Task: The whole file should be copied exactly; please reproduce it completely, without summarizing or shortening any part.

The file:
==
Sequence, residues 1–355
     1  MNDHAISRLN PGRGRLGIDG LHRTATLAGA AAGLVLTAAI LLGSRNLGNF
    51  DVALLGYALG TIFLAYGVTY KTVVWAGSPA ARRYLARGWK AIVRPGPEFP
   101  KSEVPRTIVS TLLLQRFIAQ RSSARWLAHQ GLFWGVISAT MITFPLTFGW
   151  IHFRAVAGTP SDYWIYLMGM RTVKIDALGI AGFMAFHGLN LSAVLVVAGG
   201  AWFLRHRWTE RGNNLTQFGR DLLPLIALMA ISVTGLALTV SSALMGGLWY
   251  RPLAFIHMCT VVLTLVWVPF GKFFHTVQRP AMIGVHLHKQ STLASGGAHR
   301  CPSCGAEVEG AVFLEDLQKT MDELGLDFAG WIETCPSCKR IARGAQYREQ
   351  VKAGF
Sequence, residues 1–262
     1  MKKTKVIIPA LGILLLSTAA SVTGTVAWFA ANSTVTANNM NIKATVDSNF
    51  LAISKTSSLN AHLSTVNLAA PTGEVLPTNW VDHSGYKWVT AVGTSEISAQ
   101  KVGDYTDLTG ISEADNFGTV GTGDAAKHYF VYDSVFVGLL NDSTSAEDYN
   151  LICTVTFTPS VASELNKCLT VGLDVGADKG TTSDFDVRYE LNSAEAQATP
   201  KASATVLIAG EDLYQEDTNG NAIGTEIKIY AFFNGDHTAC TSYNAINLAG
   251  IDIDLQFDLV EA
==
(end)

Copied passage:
Sequence, residues 1–355
     1  MNDHAISRLN PGRGRLGIDG LHRTATLAGA AAGLVLTAAI LLGSRNLGNF
    51  DVALLGYALG TIFLAYGVTY KTVVWAGSPA ARRYLARGWK AIVRPGPEFP
   101  KSEVPRTIVS TLLLQRFIAQ RSSARWLAHQ GLFWGVISAT MITFPLTFGW
   151  IHFRAVAGTP SDYWIYLMGM RTVKIDALGI AGFMAFHGLN LSAVLVVAGG
   201  AWFLRHRWTE RGNNLTQFGR DLLPLIALMA ISVTGLALTV SSALMGGLWY
   251  RPLAFIHMCT VVLTLVWVPF GKFFHTVQRP AMIGVHLHKQ STLASGGAHR
   301  CPSCGAEVEG AVFLEDLQKT MDELGLDFAG WIETCPSCKR IARGAQYREQ
   351  VKAGF
Sequence, residues 1–262
     1  MKKTKVIIPA LGILLLSTAA SVTGTVAWFA ANSTVTANNM NIKATVDSNF
    51  LAISKTSSLN AHLSTVNLAA PTGEVLPTNW VDHSGYKWVT AVGTSEISAQ
   101  KVGDYTDLTG ISEADNFGTV GTGDAAKHYF VYDSVFVGLL NDSTSAEDYN
   151  LICTVTFTPS VASELNKCLT VGLDVGADKG TTSDFDVRYE LNSAEAQATP
   201  KASATVLIAG EDLYQEDTNG NAIGTEIKIY AFFNGDHTAC TSYNAINLAG
   251  IDIDLQFDLV EA